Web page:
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Main Research Themes

Host Movement and Infection Risk: My focal research investigates how individual patterns of movement affect disease risk. Humans and wildlife embark on daily travel and undergo larger-scale seasonal migrations, all of which create travel networks that determine how far and how fast their parasites spread. Parasite spread not only poses clear public health implications but can also have a wide range of ecological consequences; parasites affect an individual’s behaviour and interactions, alter the structure and resilience of ecological communities, and change how energy flows through food webs. My research collects high-resolution data on individual movements to test the factors driving variation in movement traits. Through field surveys and modelling, I assess how individual variation of mobility scale up to influence landscape-scale patterns of infection.










This work has contributed new theory for predicting how host movements affect disease dynamics (see figure, above) [1], and I have empirically studied this topic with amphibians and the devastating fungal pathogen Batrachochytrium dendrobatidis (Bd) [2–5]. Bd is the causal agent of the disease chytridiomycosis, a major culprit in the amphibian declines and reductions in global biodiversity. My research revealed that toads recover from Bd infections when migrating from aquatic breeding ponds to terrestrial shelters [2] and that newts behaviourally respond to Bd infections by moving to habitats that inhibit Bd survival [3]. Together, these findings emphasize that, in addition to spreading parasites, movement can protect hosts from them.  More broadly, this work demonstrated the importance of habitats and behaviours associated with host activity for infection risk, while providing new insights for disease mitigation strategies [6].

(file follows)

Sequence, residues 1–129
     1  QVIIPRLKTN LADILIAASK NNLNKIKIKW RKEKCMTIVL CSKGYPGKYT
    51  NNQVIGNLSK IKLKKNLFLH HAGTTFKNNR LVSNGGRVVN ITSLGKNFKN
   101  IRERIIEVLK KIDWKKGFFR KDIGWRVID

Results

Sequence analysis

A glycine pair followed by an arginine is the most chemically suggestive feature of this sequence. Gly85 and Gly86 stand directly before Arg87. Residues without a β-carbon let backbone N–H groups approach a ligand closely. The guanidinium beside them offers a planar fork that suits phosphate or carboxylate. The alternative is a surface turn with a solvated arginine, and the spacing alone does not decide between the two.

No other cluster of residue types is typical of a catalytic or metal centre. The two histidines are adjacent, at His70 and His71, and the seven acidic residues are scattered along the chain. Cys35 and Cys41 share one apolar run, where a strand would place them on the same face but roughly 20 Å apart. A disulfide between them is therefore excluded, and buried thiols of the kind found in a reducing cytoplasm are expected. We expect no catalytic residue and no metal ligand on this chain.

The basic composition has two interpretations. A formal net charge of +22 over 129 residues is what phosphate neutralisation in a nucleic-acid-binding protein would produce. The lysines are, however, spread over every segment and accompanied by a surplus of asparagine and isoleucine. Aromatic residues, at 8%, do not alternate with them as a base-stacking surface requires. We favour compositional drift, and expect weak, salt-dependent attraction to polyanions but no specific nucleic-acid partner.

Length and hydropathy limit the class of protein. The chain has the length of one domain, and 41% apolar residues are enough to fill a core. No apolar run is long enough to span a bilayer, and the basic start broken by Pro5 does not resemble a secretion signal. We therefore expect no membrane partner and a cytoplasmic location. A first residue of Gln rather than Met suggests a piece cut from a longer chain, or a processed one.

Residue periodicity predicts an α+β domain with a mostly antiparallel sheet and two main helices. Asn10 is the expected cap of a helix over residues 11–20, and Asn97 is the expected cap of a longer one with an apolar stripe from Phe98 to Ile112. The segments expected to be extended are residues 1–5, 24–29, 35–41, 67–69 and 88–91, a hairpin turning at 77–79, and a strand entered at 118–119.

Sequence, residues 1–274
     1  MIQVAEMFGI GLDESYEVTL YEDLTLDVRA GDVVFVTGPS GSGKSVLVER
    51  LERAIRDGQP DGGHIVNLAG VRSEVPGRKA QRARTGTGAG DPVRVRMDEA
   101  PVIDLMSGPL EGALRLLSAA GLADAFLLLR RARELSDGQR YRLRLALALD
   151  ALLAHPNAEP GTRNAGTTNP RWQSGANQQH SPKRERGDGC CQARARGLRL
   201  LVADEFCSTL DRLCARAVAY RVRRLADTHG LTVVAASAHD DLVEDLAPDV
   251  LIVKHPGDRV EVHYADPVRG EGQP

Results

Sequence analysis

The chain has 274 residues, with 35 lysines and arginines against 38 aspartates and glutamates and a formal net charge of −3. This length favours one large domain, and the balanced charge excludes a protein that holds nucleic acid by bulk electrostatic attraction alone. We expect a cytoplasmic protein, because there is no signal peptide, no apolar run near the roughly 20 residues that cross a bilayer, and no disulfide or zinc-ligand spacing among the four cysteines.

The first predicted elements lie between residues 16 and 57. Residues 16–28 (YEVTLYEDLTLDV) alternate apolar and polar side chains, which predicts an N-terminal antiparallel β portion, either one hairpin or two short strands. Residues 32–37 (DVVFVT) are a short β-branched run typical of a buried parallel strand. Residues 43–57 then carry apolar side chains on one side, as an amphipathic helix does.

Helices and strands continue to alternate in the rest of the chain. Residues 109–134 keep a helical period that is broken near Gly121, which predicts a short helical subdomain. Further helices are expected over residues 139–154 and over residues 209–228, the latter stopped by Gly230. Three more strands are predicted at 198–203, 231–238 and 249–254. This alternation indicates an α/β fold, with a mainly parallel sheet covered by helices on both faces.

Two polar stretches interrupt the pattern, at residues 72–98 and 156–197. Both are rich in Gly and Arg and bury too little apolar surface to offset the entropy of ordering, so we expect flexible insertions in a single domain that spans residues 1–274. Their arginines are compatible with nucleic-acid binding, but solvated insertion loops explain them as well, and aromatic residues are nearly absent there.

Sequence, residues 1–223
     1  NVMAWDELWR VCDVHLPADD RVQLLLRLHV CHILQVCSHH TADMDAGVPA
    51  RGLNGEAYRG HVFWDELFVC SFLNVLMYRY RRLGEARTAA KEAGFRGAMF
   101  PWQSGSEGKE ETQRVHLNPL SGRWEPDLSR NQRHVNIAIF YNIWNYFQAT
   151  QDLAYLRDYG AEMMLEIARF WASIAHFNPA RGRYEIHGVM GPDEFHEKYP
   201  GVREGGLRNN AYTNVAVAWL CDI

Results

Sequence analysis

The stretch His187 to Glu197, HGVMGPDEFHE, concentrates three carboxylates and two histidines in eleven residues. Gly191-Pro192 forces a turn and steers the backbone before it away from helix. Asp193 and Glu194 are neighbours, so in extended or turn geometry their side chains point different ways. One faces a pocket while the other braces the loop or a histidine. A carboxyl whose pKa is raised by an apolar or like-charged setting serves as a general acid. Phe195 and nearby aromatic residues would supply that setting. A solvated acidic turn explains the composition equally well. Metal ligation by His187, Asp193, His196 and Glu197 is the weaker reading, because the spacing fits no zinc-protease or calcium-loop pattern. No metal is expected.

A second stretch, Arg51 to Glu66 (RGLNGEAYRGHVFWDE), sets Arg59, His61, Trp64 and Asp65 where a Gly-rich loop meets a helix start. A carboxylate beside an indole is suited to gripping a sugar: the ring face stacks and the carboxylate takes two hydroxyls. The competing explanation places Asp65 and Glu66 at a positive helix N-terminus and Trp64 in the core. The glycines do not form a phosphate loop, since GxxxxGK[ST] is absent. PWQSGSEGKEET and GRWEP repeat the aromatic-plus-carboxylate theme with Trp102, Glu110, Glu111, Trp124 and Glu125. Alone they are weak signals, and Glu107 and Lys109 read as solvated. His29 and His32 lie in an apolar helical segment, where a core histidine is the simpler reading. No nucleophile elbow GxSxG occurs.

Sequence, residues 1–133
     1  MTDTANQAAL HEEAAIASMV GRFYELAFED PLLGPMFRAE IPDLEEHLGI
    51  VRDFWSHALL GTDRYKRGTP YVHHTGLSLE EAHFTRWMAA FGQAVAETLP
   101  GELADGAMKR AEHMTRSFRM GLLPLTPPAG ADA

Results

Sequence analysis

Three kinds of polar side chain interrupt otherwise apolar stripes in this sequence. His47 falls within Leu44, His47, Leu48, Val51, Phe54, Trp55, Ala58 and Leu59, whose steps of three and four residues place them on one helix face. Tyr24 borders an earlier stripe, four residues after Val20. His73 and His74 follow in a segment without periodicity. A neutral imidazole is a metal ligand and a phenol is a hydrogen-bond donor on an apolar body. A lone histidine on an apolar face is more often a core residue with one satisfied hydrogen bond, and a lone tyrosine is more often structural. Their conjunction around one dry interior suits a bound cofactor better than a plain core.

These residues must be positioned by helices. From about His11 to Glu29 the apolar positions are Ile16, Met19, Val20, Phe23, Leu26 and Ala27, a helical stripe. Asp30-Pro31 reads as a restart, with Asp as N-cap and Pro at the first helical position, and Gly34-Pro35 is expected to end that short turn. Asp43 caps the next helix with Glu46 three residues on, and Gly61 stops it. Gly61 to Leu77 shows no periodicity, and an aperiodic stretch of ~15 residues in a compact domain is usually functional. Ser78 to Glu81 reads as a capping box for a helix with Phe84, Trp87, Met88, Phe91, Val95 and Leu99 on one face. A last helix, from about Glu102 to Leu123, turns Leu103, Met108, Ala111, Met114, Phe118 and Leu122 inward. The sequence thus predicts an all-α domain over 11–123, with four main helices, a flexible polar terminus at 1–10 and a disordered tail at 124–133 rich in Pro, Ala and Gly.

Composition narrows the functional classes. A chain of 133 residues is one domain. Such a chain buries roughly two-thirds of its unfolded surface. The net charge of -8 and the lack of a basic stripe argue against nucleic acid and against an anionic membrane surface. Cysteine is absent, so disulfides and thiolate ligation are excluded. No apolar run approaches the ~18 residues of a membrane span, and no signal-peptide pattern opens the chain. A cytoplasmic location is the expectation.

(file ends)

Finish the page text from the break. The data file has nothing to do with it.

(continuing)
Wildlife              Movement

Multi-trophic Disease Dynamics: The real ecosystems in which parasites thrive contain multiple consumers that feed on the same organisms. For example, parasites such as bacteria, viruses, and fungi often co-infect and interact within shared hosts. Predators are also key members of most ecosystems that can feed on parasites or their hosts. I am establishing a research program that investigates these more complex, yet more realistic, interactions between parasites and predators. Specifically, my research is asking what effects predators have on infection and co-infection dynamics, and how host movements mediate those effects. For example, my recent experiments tested how newt movement in different habitats mediate interactions between aquatic invertebrates that eat Bd spores. Undergraduate and postgraduate student research under my supervision is clarifying interactions between aquatic grazers and Bd, as well as newt-grazer interactions, which can be combined to develop theory for spatial disease dynamics in multi-trophic communities. I am also developing theory for the non-lethal effects that predators and parasites impose on the organisms on which they feed [7]. A preliminary synthesis of the data indicates that predators elicit strong responses before attacking prey, while parasites elicit responses only after infecting and beginning to feed on animals (See figure, below), suggesting differences in the timing of responses that may need accounting for when estimating their impact on infection dynamics.  I am applying these insights to explore how the combined threats of predation and parasitism influence individual patterns of movement, and more broadly, disease risk.